“We all felt a very strong need to collect, to record,” Ms. Roden said, adding that it was all part of preserving culture and identity.

“If we don’t collect it,” she said, “it will disappear.”

She amassed more than 1,000 recipes and stories this way. These became the cornerstone not only for “A Book of Middle Eastern Food,” but also for “The Book of Jewish Food,” since most of the families who passed through the Doueks’ home were from the Sephardic Jewish diaspora. In addition, she spent 10 years researching recipes and customs from other parts of the Arab world.

She worked on those two canonical books for a combined total of 25 years. But she wasn’t done. When her children grew up and left home, she left, too, traveling across the world to research her books “The Food of Italy,” “The Food of Spain” and “Arabesque: A Taste of Morocco, Turkey, & Lebanon.”


On these trips, she delighted in talking to anyone about food and culture: people on trains and buses, waiters in cafes and maids in hotels. She’d ask them what they liked to eat and if they had any recipes. Traveling alone, Ms. Roden had a knack for getting herself invited by strangers to try a local specialty, like the octopus-and-potato salad from the Greek island of Skopelos in her most recent cookbook.

“As I was walking by a family eating on their terrace, they invited me in to share their octopus salad and a bottle of wine,” she wrote. “It was heaven.”

Mr. Levy, of the Oxford Symposium, calls Ms. Roden a culinary anthropologist.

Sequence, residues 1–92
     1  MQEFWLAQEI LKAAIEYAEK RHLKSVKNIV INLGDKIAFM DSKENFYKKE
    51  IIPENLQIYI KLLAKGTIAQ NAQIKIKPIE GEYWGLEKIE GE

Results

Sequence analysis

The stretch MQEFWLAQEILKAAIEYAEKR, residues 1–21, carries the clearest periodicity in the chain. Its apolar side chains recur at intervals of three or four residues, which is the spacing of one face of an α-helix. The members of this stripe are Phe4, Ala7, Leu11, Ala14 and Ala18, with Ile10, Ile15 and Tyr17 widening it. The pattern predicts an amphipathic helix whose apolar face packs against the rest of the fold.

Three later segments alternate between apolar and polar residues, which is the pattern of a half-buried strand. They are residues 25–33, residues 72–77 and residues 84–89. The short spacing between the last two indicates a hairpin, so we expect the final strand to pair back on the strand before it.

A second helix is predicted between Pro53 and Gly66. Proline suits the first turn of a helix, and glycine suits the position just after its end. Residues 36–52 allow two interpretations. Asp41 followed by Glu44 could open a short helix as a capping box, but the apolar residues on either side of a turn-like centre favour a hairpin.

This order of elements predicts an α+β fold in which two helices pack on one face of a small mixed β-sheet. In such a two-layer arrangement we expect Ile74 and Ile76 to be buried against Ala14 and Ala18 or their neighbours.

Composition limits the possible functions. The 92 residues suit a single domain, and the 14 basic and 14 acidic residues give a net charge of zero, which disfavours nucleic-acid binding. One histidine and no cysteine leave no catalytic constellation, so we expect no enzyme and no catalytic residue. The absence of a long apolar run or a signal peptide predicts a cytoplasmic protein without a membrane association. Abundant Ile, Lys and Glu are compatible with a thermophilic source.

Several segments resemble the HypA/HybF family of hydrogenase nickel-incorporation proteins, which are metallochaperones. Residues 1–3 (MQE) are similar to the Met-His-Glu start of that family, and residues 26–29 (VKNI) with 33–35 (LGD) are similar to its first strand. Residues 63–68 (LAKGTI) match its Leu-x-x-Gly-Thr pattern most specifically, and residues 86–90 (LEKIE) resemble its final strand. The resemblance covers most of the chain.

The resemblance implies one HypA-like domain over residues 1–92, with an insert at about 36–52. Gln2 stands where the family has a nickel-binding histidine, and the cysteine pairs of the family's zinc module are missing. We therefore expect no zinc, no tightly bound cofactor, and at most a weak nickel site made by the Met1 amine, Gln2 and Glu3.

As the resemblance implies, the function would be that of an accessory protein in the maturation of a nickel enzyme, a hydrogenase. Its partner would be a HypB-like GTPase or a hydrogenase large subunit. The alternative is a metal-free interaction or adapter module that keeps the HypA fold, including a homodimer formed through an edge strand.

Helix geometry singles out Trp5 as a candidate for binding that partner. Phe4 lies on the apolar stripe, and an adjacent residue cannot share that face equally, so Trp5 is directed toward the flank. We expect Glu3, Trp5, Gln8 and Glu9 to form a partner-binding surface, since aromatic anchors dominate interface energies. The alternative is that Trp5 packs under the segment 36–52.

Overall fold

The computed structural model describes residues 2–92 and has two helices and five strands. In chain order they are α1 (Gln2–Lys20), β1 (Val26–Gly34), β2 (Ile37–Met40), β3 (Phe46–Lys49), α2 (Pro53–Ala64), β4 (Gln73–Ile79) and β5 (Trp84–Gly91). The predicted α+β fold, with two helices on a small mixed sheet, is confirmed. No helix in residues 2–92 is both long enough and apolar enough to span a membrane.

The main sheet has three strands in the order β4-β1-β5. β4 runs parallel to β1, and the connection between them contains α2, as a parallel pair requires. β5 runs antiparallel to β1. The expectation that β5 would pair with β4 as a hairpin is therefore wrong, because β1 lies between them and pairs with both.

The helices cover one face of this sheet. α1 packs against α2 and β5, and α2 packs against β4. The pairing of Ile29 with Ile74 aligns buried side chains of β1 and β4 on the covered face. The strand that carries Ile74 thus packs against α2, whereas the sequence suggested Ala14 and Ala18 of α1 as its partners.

“She’s gone around and done what is the equivalent of field work, then dealt with it in a sophisticated, analytical way,” he said. “She’s a serious thinker.”

Of all her books, “Claudia Roden’s Mediterranean,” is the most poetic, the most lyrical (with photos by Susan Bell), and perhaps the one that most unites all of her many facets.


Containing 100 recipes and spare but warm prose, it has an intimacy that shows these are the dishes she’d cook if you came to her house, gathered from her lifelong travels. But instead of striving to faithfully record someone’s recipe, as she does in other books, she has taken the creative license to tweak them to suit herself. There’s an emphasis on vegetables and grains, and in many cases, simplified, streamlined techniques (and even an occasional one-pot meal).

The food writer Nigella Lawson, a friend of Ms. Roden since Ms. Lawson was 19, calls this book a distillation of Ms. Roden’s joyful, generous spirit. Reading it is like talking with her in her garden, Ms. Lawson said.

“All of a sudden, there are all these exquisite little plates in front of you, and she’s telling you to dip something in olive oil. And you have this sense of what it would be like at her house in Cairo, sitting on her terrace, watching the sunset.”

Which is, of course, exactly what Ms. Roden has set out to do.

“Writing this book was a way of bringing back my past,” Ms. Roden said as the light cast a warm glow over her garden, “and enjoying all of my memories.”


Recipes: Bullinada (Catalan Fish Stew With Aioli) | Yogurt Cake

A dish like this stew needs a wine that can cut through its creamy pungency. As with bourride, a similar Provençal fish stew, rosé would be a great choice, or, in this case, Spanish rosado, as long as it is dry. Other good, dry Mediterranean rosés would likewise be delicious, as would incisive white wines. This being a Catalan dish, I would love to try it with xarello, one of the traditional constituents of cava, the Spanish sparkling wine that is largely made in Catalonia. A good cava would be great with this dish, and more readily available than a still xarello. So would a manzanilla or fino sherry. Outside Spain, try a Sancerre or a village Chablis. Picpoul de Pinet, a Provençal white, would be excellent, and I’ve tried some good versions coming from California. ERIC ASIMOV